In the machining world, traditional manufacturing usually refers to the four leading subtracting manufacturing methods: injection molding, CNC machining, plastic joining, and plastic forming.
Injection molding is a conventional manufacturing process that requires a mold, where final products and components are manufactured by injecting molten material (plastic or metal) into the mold. After the cooling period, the newly produced end-product will pop out of the mold with a human operator’s help.
CNC machining, or Computer Numerical Control machining, is a widely used manufacturing process in which pre-programmed computer software commands factory machinery and tools’ motions. CNC machining is especially useful and practical for performing complex 3D cutting tasks that can easily be fulfilled in a single set of prompts with the proper CNC machine.
Plastic joining is a manufacturing process involving semi-finished parts via fastening, welding, and adhesive bonding to form the desired product. Plastic forming works by heating sheets of plastic material over a mold. Afterward, the process utilizes air pressure and male plugs to form the plastic sheet material into the desired shape.
On the other hand, additive manufacturing is a potent force that’s quickly changing how manufacturers produce many products and components for the sake of numerous distinctive industries. 3D printing is the most famous and highly utilized additive manufacturing process that works by inserting material layer over layer till it forms the desired final object.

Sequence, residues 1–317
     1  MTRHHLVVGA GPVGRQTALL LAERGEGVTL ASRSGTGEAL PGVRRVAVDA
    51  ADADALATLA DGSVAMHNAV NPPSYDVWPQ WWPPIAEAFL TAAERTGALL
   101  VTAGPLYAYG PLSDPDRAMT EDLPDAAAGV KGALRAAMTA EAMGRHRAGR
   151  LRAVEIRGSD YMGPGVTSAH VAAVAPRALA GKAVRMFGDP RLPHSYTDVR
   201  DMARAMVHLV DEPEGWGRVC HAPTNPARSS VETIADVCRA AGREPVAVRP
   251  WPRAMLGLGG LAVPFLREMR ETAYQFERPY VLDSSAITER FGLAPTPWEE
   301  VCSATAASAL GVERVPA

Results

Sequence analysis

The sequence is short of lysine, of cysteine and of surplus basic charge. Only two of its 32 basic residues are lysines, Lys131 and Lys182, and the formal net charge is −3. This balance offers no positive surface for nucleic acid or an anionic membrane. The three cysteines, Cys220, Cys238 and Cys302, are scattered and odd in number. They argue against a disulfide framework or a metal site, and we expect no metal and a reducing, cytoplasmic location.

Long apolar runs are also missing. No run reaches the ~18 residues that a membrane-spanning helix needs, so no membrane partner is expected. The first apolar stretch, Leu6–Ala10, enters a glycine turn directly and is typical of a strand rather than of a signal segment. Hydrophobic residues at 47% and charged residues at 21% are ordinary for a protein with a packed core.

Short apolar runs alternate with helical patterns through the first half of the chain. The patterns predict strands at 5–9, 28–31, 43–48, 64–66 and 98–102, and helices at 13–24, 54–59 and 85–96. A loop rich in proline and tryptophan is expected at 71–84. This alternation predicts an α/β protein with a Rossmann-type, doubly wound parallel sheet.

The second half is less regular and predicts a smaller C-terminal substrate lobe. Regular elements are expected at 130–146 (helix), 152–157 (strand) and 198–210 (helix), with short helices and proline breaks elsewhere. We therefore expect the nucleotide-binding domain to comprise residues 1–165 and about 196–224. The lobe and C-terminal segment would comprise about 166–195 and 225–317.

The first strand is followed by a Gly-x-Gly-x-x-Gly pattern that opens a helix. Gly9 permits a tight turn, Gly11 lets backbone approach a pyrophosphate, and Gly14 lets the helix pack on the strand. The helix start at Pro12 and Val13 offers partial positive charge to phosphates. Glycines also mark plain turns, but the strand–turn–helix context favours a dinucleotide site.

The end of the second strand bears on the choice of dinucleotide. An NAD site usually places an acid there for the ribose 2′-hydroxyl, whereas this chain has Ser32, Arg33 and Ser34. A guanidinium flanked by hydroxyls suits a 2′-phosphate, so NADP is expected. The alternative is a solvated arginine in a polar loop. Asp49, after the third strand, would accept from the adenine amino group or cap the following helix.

Lately, many prominent companies are taking advantage of additive manufacturing for their rapid prototyping projects because of the ultra-fast prototyping turnaround times and other notable benefits that come with this type of manufacturing that we’ll further discuss in this article.
However, for many people, the differences between traditional and additive manufacturing aren’t especially clear. For that reason, we’ve compiled this article where we’ll explain how additive manufacturing differentiates from the other more familiar methods of manufacturing. Without further ado, here are the most notable differences you should know between the two.
The first difference between the two manufacturing processes refers to the physical characteristics during manufacturing, and it’s a pretty obvious one.
While traditional manufacturing techniques are subtractive, additive manufacturing works by adding layers of material to form the final object. Subtractive manufacturing includes removing parts of a block of material to construct the final shape. Cutting aluminum alloy with lasers, for example, is a simple example of a subtractive process.
Although all additive manufacturing processes involve creating objects layer-by-layer, there are many different types of additive manufacturing. For instance, producers use direct metal laser sintering to join layers of metal powder together or use fused deposition modeling to create plastic components promptly.
What About Producing Complex Geometries?
It goes without saying that the primary difference in how items are made with additive manufacturing also creates some significant functional differences.
The most important one is that this type of manufacturing can develop complex geometries that would be very difficult or improbable to achieve with conventional manufacturing techniques. These complex geometries produced with additive manufacturing are frequently lighter and more robust than their traditional counterparts.
Heavily related to its capacity to develop complex geometries more efficiently than all other manufacturing methods out there, additive manufacturing can virtually eliminate all additional costs associated with creating these complicated designs.